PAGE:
It’s one of those things from basketball gaming history that’s interesting to revisit, because it just doesn’t happen with today’s stars and modern releases. With that said, let’s take a look back…way back…
Like Michael Jordan, Charles Barkley did appear in the NBA Playoffs series, which, for those who are unaware, is EA’s forerunner to NBA Live. He naturally didn’t appear in the games in which his Philadelphia 76ers were not included – specifically, Lakers versus Celtics, and Bulls vs. Blazers – but could be found on the Sixers’ roster in Bulls vs. Lakers, and on the Phoenix Suns in NBA Showdown, the immediate predecessor to NBA Live 95. He was also included in the Sega-exclusive Team USA Basketball, a spinoff game featuring the entire Dream Team and other squads from the 1992 Olympic Games.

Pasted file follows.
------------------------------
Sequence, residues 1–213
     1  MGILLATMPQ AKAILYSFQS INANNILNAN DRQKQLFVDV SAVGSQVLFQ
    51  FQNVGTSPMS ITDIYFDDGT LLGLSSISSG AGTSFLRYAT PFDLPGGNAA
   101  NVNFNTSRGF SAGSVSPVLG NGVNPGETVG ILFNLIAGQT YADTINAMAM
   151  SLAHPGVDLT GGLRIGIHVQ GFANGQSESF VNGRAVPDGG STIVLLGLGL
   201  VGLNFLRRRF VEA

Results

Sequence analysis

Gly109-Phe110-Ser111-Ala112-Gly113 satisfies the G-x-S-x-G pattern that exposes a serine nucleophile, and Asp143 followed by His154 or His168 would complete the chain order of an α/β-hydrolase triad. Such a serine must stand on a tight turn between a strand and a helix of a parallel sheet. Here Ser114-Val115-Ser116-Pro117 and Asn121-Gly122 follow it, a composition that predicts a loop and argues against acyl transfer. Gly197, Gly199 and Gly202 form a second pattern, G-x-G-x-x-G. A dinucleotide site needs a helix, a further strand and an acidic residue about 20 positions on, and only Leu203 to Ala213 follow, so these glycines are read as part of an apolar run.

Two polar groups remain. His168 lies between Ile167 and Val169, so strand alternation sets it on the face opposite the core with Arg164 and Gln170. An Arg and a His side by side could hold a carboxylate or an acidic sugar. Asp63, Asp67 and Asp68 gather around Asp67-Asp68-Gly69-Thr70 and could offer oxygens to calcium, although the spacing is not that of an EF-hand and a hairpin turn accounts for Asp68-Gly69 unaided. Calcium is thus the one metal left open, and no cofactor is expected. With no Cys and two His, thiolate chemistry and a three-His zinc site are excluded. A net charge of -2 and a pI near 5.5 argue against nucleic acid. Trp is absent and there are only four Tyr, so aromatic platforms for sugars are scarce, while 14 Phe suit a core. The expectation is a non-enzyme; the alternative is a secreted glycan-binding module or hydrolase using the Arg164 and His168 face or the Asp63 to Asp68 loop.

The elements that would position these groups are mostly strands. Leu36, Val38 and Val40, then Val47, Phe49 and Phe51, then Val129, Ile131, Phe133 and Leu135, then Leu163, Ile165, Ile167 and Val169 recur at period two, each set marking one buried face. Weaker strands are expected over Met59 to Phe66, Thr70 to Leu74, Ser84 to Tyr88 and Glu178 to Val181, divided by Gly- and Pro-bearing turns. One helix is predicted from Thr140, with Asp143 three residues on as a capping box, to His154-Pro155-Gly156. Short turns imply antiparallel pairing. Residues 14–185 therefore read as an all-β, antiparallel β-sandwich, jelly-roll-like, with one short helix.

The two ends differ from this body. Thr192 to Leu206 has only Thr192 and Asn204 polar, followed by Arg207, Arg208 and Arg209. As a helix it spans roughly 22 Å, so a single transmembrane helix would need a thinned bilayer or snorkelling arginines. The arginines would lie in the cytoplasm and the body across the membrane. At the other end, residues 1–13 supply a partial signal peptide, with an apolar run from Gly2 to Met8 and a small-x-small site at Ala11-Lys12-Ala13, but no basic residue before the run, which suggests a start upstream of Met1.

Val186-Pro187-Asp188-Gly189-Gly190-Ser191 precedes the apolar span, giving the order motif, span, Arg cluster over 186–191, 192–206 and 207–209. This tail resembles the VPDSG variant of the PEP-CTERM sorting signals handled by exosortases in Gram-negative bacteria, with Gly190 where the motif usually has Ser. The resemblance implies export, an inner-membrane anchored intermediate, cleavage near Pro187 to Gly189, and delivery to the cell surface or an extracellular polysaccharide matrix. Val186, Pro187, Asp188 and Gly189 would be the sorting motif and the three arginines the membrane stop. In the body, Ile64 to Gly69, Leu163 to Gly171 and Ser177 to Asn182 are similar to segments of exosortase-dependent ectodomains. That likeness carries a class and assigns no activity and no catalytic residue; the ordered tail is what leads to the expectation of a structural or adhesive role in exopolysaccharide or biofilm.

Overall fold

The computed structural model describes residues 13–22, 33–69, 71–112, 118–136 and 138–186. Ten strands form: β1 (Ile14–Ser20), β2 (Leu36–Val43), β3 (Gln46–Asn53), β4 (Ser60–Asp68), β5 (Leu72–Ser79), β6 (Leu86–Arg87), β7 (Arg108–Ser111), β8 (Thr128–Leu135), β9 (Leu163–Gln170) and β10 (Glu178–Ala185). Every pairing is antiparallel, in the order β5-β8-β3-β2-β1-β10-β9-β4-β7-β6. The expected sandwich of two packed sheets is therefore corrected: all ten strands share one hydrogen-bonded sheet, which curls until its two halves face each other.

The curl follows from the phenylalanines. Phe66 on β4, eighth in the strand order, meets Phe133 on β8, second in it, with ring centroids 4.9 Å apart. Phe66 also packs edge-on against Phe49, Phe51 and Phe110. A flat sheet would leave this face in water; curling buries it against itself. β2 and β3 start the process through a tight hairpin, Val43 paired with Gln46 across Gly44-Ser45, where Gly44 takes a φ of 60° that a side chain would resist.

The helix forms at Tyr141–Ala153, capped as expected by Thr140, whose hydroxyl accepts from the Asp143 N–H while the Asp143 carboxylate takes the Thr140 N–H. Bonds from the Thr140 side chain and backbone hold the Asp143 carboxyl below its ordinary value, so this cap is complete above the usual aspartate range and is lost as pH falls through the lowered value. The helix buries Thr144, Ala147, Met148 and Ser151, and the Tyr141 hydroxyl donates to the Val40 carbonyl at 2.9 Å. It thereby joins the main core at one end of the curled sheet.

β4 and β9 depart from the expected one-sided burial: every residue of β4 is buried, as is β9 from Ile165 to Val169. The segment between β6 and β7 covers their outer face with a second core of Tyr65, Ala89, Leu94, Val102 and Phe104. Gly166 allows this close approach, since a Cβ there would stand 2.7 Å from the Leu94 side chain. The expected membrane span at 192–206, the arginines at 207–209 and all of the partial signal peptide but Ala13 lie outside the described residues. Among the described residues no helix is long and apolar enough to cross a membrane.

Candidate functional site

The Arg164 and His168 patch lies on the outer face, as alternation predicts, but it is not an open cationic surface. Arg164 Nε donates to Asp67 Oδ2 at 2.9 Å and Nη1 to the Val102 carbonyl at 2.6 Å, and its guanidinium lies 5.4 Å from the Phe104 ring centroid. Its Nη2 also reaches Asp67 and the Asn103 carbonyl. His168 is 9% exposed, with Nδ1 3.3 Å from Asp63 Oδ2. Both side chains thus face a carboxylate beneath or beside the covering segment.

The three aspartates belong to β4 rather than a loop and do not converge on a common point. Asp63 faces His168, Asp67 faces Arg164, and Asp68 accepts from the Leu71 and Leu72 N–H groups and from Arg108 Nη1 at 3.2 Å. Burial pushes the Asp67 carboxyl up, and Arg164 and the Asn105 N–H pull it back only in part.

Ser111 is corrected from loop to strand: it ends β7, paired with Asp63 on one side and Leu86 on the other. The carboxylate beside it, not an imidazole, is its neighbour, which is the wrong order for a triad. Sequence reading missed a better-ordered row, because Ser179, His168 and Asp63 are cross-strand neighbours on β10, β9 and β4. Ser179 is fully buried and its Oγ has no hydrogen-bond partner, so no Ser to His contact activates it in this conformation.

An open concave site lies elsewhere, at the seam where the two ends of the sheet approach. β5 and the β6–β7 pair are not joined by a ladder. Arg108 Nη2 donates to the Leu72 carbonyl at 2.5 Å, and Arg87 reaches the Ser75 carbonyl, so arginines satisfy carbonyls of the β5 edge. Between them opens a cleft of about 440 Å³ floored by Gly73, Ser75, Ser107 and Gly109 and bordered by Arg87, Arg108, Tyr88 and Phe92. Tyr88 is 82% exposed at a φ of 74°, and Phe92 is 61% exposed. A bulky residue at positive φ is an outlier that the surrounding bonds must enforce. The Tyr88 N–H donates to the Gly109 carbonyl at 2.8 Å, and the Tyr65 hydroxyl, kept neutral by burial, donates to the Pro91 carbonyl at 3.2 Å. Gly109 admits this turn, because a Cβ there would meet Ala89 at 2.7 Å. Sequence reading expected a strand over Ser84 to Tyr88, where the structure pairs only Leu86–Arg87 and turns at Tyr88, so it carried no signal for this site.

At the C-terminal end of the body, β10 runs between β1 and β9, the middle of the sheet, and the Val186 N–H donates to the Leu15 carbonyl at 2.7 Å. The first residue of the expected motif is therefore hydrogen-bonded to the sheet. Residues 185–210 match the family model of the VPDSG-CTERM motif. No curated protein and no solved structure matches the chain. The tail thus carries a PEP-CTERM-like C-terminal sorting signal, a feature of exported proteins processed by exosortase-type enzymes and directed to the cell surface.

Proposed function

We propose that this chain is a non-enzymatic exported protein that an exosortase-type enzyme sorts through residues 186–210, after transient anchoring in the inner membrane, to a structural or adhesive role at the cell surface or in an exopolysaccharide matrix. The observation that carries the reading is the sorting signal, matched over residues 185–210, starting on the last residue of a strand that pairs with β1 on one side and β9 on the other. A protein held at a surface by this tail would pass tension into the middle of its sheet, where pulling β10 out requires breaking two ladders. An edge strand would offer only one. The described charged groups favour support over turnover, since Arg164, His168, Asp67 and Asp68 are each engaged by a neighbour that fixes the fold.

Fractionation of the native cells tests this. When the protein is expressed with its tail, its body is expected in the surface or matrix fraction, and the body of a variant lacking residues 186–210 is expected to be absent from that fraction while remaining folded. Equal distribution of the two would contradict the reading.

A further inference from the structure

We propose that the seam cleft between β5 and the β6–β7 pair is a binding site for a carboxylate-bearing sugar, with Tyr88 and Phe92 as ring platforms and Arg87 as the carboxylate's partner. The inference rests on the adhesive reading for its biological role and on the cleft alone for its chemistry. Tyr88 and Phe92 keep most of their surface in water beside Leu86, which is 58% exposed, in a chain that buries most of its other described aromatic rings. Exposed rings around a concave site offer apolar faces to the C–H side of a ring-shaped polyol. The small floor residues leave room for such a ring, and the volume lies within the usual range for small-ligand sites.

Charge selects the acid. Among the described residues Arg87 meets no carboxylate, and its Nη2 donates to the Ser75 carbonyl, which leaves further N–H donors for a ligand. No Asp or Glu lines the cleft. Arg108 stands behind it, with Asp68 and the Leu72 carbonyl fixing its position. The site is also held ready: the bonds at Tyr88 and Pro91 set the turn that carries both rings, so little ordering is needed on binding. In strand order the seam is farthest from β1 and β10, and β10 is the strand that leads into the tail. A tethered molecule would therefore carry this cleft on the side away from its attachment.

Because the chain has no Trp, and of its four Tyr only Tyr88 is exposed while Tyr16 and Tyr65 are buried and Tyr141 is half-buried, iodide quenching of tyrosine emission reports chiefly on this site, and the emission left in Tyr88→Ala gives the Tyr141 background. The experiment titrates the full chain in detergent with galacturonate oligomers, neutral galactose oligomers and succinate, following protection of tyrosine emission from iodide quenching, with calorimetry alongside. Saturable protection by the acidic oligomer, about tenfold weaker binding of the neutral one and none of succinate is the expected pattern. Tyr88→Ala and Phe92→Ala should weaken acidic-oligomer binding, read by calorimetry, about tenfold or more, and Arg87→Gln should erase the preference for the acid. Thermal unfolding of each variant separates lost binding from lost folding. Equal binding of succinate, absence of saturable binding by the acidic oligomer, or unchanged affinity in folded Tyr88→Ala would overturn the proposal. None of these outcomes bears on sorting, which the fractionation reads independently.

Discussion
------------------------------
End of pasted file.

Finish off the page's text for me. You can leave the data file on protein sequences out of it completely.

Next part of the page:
Barkley also made an appearance in the first version of the original NBA Jam, including the home console releases. He’s available alongside fellow Suns All-Star Kevin Johnson, with a maxed out dunking ability, average three-point ability, and good speed, but a terrible defensive rating. While Sir Charles wasn’t usually heralded for his defense – outside of his efforts on the boards, at any rate – I would say that NBA Jam certainly underrated him in that respect. So much so, I probably could have included him in my Friday Five column on insulting ratings in basketball games.